Synopsis: Newly-invented powdered alcohol is entering the market, but some experts and legislators believe it should be banned because it’s likely to be abused by teens. Experts, the product’s inventor and legislators discuss.
Host: Nancy Benson. Guests: Mark Phillips, Palcohol inventor; David Jernigan, Associate Professor, Johns Hopkins Bloomberg School of Public Health; Rick Jones (R), State Senator, Michigan; Brian Kelsey (R), State Senator, Tennessee
NANCY BENSON: Each year nearly 88 thousand people die from alcohol-related causes in the United States, according to the National Institutes of Health. Now, a new form of alcohol has been invented, and some experts and politicians are concerned it could add to the toll. It’s powdered alcohol or “palcohol,” and it comes in a packet making one cocktail when mixed with liquid. The product has received approval from the Food and Drug Administration and its manufacturers say it’ll come in flavors like cosmopolitan and margarita –if it manages to hit the shelves.
MARK PHILLIPS: We’re working through some things right now. There’s some legislative concerns on the federal level that have to be addressed and we’re waiting to see how those play out. That is kind of our hold up right now, but as soon as those are addressed we’ll ramp up and get going.
BENSON: That’s Mark Phillips, the creator of Palcohol. He’s not worried about getting the product on the market, even though several states have already banned it.
PHILLIPS: Obviously, in the states where they’ve banned it, we won’t be distributing it there. We’ll be distributing it in all the states where it’s legal to sell. And I think many of the states that have banned it out of ignorance and fear, will realize the benefit of the product and reverse their course because citizens of the state will want access to the product.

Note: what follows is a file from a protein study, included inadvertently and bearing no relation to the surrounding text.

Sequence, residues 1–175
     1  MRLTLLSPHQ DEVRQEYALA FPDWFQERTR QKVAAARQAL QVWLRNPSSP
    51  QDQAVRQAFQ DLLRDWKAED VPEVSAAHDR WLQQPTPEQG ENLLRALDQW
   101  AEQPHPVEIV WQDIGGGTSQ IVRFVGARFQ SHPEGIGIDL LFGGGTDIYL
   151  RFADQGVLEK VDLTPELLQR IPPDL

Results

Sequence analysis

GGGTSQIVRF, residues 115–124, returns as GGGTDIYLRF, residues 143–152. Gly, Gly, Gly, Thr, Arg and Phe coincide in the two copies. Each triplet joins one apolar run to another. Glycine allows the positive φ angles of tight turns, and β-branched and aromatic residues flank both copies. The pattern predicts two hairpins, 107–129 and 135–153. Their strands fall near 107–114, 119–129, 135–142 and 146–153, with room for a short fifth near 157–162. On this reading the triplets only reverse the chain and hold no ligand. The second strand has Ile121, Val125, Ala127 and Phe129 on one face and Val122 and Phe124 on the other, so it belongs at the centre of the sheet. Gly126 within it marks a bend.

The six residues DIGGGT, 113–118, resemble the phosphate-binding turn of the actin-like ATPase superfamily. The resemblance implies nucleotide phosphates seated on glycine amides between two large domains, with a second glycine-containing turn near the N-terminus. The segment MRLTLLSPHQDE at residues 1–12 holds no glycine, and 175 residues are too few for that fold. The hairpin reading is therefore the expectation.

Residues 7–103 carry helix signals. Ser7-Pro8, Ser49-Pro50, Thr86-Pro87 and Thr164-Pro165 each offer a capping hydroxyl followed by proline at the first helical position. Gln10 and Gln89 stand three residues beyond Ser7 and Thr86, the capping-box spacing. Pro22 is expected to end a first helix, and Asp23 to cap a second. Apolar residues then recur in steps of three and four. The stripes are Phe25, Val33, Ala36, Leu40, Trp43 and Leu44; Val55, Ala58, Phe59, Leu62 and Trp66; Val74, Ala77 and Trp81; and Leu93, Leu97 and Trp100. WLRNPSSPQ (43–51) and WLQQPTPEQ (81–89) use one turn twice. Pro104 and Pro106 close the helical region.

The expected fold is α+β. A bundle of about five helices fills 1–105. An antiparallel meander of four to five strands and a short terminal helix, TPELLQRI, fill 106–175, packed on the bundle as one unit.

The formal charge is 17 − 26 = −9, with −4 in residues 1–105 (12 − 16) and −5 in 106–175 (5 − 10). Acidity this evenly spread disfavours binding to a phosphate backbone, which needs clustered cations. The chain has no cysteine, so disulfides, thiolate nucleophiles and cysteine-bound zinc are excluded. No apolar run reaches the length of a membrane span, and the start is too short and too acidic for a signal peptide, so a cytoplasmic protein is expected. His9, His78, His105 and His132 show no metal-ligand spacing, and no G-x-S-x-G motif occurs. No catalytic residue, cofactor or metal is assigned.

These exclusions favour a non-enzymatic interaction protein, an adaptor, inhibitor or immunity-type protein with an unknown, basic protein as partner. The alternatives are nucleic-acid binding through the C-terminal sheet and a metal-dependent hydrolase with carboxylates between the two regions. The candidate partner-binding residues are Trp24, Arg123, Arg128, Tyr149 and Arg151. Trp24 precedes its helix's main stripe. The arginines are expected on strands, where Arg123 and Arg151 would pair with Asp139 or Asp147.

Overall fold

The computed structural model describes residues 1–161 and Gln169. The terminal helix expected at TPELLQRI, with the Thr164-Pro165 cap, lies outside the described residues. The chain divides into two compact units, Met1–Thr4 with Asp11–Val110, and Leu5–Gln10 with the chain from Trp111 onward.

BENSON: But some experts are concerned that some groups may want the product too much. David Jernigan, associate professor at the Johns Hopkins Bloomberg School of Public Health, says teens who get their hands on palcohol are likely to abuse it. His team did a study of teenagers and their drinking habits…even to the point of finding out the brands of alcohol that kids abuse most.
DAVID JERNIGAN: Almost 900 different brands of alcohol, whether they used them in the last 30 days, how much they used, and what consequences from alcohol they have experienced. And we found that these newer, edgier products, things like, favorite alcoholic beverages, things like what we call the “supersized alcopops”. Young people who drank the supersized versions of these were four times more likely to report binge drinking, six times more likely to report an alcohol-related injury then kids who didn’t drink flavored alcoholic beverages. Jell-O shots, another example; kids who use them are one and a half times more likely to report binge drinking, 1.7 times more likely to report having been in a physical fight after drinking than other teen drinkers. The point is, there is a small group of kids who will experiment with products like this. And the general consensus that I think we’re seeing across the country is that this format of the product is simply too easy for kids to abuse.